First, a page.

National Weather Service Lincoln IL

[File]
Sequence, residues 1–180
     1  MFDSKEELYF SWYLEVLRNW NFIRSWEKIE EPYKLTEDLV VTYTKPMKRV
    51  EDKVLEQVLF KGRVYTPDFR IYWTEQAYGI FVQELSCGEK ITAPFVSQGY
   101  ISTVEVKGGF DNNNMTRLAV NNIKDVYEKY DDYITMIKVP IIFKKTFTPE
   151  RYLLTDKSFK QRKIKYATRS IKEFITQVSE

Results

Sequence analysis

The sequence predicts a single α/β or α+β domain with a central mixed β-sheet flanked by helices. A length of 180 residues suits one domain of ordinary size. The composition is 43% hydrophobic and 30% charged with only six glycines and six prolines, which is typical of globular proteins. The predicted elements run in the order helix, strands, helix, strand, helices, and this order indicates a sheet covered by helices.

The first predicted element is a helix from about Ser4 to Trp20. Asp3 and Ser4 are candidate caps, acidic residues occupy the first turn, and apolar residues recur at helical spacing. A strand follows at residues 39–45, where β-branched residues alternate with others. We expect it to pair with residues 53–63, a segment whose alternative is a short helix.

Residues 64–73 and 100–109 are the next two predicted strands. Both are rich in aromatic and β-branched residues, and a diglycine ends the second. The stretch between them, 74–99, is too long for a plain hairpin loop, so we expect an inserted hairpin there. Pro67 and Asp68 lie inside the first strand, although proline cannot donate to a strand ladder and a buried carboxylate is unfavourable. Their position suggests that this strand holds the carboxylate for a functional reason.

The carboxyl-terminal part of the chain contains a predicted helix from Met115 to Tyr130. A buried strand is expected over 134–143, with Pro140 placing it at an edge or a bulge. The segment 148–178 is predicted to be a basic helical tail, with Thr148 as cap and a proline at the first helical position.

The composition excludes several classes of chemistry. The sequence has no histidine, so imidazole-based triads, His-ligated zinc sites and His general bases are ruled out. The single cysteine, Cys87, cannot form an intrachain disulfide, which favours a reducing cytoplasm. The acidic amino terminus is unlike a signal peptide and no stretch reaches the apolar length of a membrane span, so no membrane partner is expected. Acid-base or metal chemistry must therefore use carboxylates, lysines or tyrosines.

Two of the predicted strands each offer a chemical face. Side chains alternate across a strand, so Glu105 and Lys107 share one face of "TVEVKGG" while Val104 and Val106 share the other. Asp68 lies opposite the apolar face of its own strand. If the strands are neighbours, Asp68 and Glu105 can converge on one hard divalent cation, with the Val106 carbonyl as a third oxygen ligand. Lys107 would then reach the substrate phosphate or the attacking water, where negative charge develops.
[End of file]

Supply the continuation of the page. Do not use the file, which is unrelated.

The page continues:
843 PM CST Mon Dec 24 2018 .UPDATE... Issued at 843 PM CST Mon Dec 24 2018 Radar returns across Missouri look rather impressive this evening, though surface obs and mPING reports are indicating the precipitation has just started to reach the surface. Evening sounding from our office shows a rather dry layer below 700 mb. GFS forecast soundings show the lowest 5,000 feet of atmosphere with a dearth of moisture, while the NAM only has a few hour window where the low layers moisten. If the precipitation ends up very light, the evaporative cooling may not take place, which would favor more of a rain scenario. Latest RAP model actually keeps us dry the entire night, while the HRRR has only a few small areas of light rain or snow. Fresh runs of the NAM, ARW and NMM are also featuring lesser amounts of precipitation, mainly between midnight and sunrise. Have recently sent out some updated grids/zones to pull back a bit on the PoP`s and snow amounts, not that they were that great to begin with. && .SHORT TERM...(This evening through Tuesday) ISSUED AT 240 PM CST Mon Dec 24 2018 Our next weather system tracking east out of southeast Colorado is forecast to move across our area late tonight and into Christmas morning bringing a period of light snow and rain to the area. QPF amounts not real impressive with mostly less than a tenth of an inch with any snow accumulations generally less than one half inch. Most of the forecast soundings indicate our boundary layer starts out on the warm side as the precipitation approaches later this evening but with a dry layer indicated from the surface up to around 8000 feet, there will be enough evaporative cooling once the rain begins to become a mix of rain and snow. A few locations north of I-74 may see a brief turn over to all snow, but again, with the speed of the system and a lack of deep moisture with this upper wave, it appears precipitation amounts will be on the light side. Low temperatures should be around the freezing mark most areas tonight. The upper wave should push off to our east by afternoon with upper level ridging building over the central U.S. in response to the deep upper low pushing across the southwest U.S. This should bring another round of unseasonably mild temperatures tomorrow afternoon accompanied by a mix of clouds and sun with highs in the mid to upper 40s. .LONG TERM...(Tuesday night through Monday) ISSUED AT 240 PM CST Mon Dec 24 2018 The southwest storm system is forecast to slowly push east and northeast into the southern Plains by Wednesday but its associated precipitation shield is forecast to remain mainly to our west through most of the day. Rain chances start to increase from west to east Wednesday night as a strengthening southerly flow draws moisture north out of the Gulf of Mexico into the Midwest. The NAM model indicating a 65-70 kt low level (~850mb) jet drawing PWAT values of over an inch across the northern half of Missouri by Thursday morning. The deepening surface low will be between Omaha and Des Moines by Noon Thursday with the axis of deep moisture (PWAT values approaching 1.25 inches which is well above normal for late December) aligned from south to north right across our forecast area Thursday morning. Not much in the way of instability noted on the latest NAM but 0-6km shear values of 60-65 kts is a concern for Thursday late morning through the mid afternoon hours using the timing of the current NAM model, which does depict a narrow squall line racing northeast across southern Illinois at this time. Models continue to indicate widespread deep convection across the lower Mississippi Valley in addition to the rain and extensive cloud cover further to the north in our area. Will see what affect, if any, this has on our chances for more organized strong convection Thursday afternoon, especially over our south and southeast counties. The warmest temperatures this week will be Thursday just ahead of the storm and associated cold front with highs well into the 50s with 60s not out of the question over the southern half of the forecast area. The mid level dry slot will race across our area late Thursday afternoon or early evening taking any threat of rain off to our east and northeast. Gusty southerly winds, of 20 to 30 mph will shift more into a southwest to west direction overnight Thursday ushering in cooler weather overnight, but lows are only forecast to drop off into the mid 30s to mid 40s from north to south. Those are our average high temperatures for this time of year. Much quieter weather forecast to move in for the end of the week but additional shortwave energy ejecting out of the mean longwave trof over the southwest U.S. is forecast to drift northeast into the region later Saturday into Sunday with low chance POPs introduced with the threat for some light snow Saturday night and a slight chance for a rain snow mix on Sunday with temperatures closer to where they should be for the end of December, mostly in the 30s for daytime highs with early morning lows dropping into the 20s. && .AVIATION...(For the 00Z TAFS through 00Z Tuesday evening) Issued at 516 PM CST Mon Dec 24 2018 Main focus will be the period from about 06-15Z, as a storm system brings light rain and snow to the area. Lower levels below 8,000 feet are dry and will cut down some on the precipitation, at least at the start. Will continue with the VCSH mention and keep conditions VFR for now, though a switch to snow could at result in some MVFR conditions at times. Precipitation will lift northeast of the area after 15Z, with VFR conditions expected to prevail after. && .ILX WATCHES/WARNINGS/ADVISORIES... NONE. && $$ UPDATE...Geelhart SHORT TERM...Smith LONG TERM...Smith AVIATION...Geelhart